You may have noticed that we seem to have this love/hate relationship with the critters around our house. Remember last year the Cedar Waxwing attack? Followed by the dead squirrel in our driveway, followed by a never-before-seen(nor since) duck patrolling our driveway.

And then, there's the recent infestation of FLEAS, thanks to the rabbits in our yard. (Poor old Bonnie.)

And Doug has been thinking long and hard about shooting things with that pellet gun. Long and hard.

Well, we thought we had a renegade zucchini plant invading our flowers along our driveway. Or maybe it's a plant I couldn't remember planting. But Doug thought some more. . .

. . . while looking out at the farm, from a garden, on the Grand Forks Garden Tour. . .

. . . and then, he figured out what this was!

He figured out that this, creeping up our steps, is NOT a renegade zucchini plant, but a pumpkin patch! And he remembered the squirrel that last year tore apart our Halloween pumpkin at the top of our steps. . . . and planted a crop of pumpkins!

Well, let's see what happens next!

Tuesday, July 20, 2010

Double Rainbow Guy Should See This Garden Action!

Remember Double Rainbow Guy? Just think of his ecstasy if he saw this!

I think this next photo could use just a little vignette added. What do you think?

And then I thought I'd play with a Rustic EZ Action on this one:

And Jess' Hazy Days one on this:

Monday, July 19, 2010

Garden Treasures

Thank you, everyone, for the kind words about Bonnie yesterday. She's more comfortable today, every once in awhile shows a little burst of energy, but is sleeping much better. I can tell many of you have also had wonderful dogs gracing your lives and in your hearts. I've had to check out a few videos today to find "tricks" to get your dog to take their pills, though!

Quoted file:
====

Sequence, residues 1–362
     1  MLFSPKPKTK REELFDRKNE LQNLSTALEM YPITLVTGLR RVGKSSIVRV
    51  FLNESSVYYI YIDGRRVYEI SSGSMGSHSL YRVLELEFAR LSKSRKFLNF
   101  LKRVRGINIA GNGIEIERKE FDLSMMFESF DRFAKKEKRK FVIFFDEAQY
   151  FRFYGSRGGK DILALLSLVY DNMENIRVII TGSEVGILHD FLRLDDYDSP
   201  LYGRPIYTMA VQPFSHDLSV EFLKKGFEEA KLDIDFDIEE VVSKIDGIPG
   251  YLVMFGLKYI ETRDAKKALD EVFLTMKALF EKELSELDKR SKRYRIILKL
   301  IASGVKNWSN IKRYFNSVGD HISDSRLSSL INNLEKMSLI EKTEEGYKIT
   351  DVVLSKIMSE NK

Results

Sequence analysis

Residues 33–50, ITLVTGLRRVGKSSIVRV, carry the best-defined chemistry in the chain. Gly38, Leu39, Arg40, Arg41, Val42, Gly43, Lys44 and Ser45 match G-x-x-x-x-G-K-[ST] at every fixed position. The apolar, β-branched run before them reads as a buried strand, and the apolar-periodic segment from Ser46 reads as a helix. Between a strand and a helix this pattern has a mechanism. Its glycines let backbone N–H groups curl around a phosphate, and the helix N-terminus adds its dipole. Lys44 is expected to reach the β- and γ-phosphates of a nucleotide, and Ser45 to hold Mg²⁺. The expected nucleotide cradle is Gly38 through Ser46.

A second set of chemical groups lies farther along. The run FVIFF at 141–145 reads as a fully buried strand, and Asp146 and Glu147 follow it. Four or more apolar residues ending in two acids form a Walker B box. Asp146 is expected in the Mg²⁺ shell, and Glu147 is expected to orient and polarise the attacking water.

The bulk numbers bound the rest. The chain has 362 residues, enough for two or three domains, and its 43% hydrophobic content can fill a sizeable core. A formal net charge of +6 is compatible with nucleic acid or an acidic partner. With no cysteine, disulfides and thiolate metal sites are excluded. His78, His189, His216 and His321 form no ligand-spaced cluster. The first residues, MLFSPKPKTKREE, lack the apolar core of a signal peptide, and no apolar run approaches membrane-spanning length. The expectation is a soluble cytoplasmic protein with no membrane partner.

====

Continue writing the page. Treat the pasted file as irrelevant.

Here's a few more flowers from the garden tour (best viewed with Safari or Firefox. Come on, Google Chrome; get with the color management!):

Sunday, July 18, 2010

Glorious Gardens and a Sick Bonnie

First things first: We've long known that The Beautiful Ms. Bonnie, at 15 3/4 years (96 according to the vet) is not likely going to live much longer. We take each day as "extra," as icing on the cake.

But it was still hard, Thursday, to take her to the vet with what we thought was a little toe nail problem and be told that she probably has foot cancer. In one of these photos you can see that her foot is quite bandaged and it's very hard for her to get around now. But oh! How she tries to follow us!

We're giving her a pain killer, watching her carefully, because if she's not comfortable and in quite a bit of pain, then we will say our final goodbyes to her. I don't know what she knows; I don't think she has an understanding as to why she's hurting. But she also doesn't have to "stare into the sun," as Yalom would put it, knowing that her death is imminent. She probably also doesn't quite know why we're letting her eat anything she wants to right now. Usually, we're quite careful, because long ago, we learned that her allergy to human foods meant much itching and scratching, but these days, treats are plentiful, and we're happy to give them to her!

Life. And it has such wonderful joys as well. Here's a few more photos from the glorious Grand Forks garden tour. How can there be this color in the same lands that has stark, soul-wrenching ice and snow?

Saturday, July 17, 2010

Magical Garden Tour